> Commemoration: Saint Augustine of Canterbury
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Annually on May 26
Saint Augustine of Canterbury,
First Archbishop of Canterbury
PRAYER (traditional language):
O Lord our God, who by thy Son Jesus Christ didst call thine Apostles and send them forth to preach the Gospel to the nations: We bless thy holy name for thy servant Augustine, first Archbishop of Canterbury, whose labors in propagating thy Church among the English people we commemorate today; and we pray that all whom thou dost call and send may do thy will, and bide thy time, and see thy glory; through Jesus Christ our Lord, who liveth and reigneth with thee and the Holy Spirit, one God, for ever and ever. Amen.
From Holy Women, Holy Men:
Although Christianity had existed in Britain before the invasions
of Angles and Saxons in the fifth century, Pope Gregory the Great
decided in 596 to send a mission to the pagan Anglo-Saxons. He
selected, from his own monastery on the Coelian hill in Rome, a
group of monks, led by their prior, Augustine. They arrived in Kent in
597, carrying a silver cross and an image of Jesus Christ painted on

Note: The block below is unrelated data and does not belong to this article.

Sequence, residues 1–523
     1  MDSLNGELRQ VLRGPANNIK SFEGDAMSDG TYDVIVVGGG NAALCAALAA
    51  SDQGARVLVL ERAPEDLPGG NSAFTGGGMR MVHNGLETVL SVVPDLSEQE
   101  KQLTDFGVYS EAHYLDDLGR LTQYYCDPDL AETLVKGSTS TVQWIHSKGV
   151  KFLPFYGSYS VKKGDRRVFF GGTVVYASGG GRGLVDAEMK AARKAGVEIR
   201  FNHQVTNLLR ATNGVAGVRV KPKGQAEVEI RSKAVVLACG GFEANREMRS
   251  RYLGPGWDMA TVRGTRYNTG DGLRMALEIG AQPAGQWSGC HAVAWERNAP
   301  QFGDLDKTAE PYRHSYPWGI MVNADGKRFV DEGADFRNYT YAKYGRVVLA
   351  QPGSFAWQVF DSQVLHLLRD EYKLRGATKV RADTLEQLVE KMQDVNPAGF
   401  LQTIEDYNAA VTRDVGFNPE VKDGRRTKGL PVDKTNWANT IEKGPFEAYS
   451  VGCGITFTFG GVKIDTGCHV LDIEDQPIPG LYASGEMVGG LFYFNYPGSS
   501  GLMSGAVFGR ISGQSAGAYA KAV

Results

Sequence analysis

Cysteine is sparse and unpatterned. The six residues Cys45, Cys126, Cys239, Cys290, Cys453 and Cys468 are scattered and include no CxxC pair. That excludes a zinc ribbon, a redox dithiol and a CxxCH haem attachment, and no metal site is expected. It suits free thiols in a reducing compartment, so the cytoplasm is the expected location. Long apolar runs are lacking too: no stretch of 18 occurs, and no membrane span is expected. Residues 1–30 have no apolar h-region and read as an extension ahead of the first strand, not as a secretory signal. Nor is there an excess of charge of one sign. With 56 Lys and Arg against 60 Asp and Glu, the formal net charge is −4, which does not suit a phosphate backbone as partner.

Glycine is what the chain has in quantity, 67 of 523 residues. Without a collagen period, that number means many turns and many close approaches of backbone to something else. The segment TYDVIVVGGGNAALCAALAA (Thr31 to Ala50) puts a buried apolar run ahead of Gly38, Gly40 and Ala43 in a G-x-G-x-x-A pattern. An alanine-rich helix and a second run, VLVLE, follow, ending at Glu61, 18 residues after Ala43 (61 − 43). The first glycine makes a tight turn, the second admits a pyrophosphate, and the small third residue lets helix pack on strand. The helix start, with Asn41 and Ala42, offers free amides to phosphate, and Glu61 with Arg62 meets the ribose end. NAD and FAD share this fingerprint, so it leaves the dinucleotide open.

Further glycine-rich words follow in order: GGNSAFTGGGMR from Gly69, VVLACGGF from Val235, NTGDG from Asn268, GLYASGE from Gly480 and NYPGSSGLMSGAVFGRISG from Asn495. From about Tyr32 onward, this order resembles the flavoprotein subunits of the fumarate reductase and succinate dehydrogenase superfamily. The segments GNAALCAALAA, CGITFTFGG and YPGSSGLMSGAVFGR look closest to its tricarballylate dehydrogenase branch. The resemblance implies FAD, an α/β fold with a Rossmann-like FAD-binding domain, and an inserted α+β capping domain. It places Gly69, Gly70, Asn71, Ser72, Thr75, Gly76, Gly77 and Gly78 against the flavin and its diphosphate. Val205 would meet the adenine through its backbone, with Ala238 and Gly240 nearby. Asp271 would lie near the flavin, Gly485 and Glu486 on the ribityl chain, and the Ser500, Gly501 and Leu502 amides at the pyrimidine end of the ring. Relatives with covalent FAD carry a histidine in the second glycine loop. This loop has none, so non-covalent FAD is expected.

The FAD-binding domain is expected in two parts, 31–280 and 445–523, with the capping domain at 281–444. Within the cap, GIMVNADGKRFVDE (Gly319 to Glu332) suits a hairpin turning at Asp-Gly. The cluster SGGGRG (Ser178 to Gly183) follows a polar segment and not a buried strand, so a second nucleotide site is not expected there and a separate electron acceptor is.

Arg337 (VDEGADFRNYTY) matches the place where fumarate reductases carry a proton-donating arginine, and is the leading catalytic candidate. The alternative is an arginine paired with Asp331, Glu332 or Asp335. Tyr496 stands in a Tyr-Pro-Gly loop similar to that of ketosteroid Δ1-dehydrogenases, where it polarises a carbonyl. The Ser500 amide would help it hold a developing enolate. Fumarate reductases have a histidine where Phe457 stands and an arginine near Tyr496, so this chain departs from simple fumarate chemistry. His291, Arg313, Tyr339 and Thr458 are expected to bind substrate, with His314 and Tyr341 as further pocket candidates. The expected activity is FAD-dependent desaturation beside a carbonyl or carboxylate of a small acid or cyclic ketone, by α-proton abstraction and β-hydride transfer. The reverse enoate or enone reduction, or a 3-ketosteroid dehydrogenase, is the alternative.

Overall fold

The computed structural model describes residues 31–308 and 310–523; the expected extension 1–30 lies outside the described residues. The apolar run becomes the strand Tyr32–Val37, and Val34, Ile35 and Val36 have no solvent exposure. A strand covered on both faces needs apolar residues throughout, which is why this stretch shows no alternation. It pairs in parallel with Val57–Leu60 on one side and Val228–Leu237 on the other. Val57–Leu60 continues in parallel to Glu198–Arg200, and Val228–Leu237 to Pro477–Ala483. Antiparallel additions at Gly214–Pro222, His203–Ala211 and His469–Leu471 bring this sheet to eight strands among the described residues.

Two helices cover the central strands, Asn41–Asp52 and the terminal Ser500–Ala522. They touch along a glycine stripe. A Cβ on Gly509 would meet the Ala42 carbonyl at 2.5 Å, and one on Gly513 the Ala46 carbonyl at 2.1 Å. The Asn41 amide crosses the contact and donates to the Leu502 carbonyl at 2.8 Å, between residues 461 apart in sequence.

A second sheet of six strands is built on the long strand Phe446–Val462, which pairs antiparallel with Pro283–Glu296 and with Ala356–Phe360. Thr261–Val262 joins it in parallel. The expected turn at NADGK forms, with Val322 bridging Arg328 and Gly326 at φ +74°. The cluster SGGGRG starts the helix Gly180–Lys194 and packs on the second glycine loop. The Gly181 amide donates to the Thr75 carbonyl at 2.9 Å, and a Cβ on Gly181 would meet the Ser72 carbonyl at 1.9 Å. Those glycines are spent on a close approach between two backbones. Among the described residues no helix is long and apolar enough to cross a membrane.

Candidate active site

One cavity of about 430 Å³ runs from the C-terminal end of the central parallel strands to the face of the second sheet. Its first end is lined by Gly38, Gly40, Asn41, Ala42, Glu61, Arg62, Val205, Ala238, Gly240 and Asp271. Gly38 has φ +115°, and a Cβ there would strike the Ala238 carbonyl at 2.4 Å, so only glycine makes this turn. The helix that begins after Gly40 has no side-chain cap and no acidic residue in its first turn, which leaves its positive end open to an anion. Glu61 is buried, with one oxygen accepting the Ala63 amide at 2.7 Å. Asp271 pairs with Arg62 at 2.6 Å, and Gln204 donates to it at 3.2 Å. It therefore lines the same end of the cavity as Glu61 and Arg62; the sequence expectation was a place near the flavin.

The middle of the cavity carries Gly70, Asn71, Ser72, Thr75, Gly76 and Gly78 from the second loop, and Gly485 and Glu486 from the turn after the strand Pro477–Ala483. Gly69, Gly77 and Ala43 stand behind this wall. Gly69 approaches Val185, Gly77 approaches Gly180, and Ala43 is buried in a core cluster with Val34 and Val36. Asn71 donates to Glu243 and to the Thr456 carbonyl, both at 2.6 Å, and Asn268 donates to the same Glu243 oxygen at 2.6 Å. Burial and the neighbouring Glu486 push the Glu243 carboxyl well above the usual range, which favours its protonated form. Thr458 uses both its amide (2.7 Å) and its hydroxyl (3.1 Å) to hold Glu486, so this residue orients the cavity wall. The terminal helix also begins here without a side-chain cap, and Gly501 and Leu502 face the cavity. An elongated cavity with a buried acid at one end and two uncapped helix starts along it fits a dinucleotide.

a board, which thus became, so far as we know, “Canterbury’s first
icon.” King Ethelbert tolerated their presence and allowed them the
use of an old church built on the east side of Canterbury, dating from
the Roman occupation of Britain. Here, says the Venerable Bede, they
assembled “to sing the psalms, to pray, to say Mass, to preach, and to
baptize.” This church of St. Martin is the earliest place of Christian
worship in England still in use.
Probably in 601, Ethelbert was converted, thus becoming the first
Christian king in England. About the same time, Augustine was
ordained bishop somewhere in France and named “Archbishop of
the English Nation.” Thus, the see of Canterbury and its Cathedral
Church of Christ owe their establishment to Augustine’s mission,
as does the nearby Abbey of SS. Peter and Paul, later re-named for
Augustine. The “chair of St. Augustine” in Canterbury Cathedral,
however, dates from the thirteenth century.
Some correspondence between Augustine and Gregory survives.
One of the Pope’s most famous counsels to the first Archbishop of
Canterbury has to do with diversity in the young English Church.
Gregory writes, “If you have found customs, whether in the Roman,
Gallican, or any other Churches that may be more acceptable to God,
I wish you to make a careful selection of them, and teach the Church
of the English, which is still young in the faith, whatever you can
profitably learn from the various Churches. For things should not be
loved for the sake of places, but places for the sake of good things.”
This counsel bears on the search for Christian “unity in diversity” of
the ecumenical movement of today.
Augustine died on May 26, probably in 605.
To learn more about St. Augustine of Canterburry, click the link below: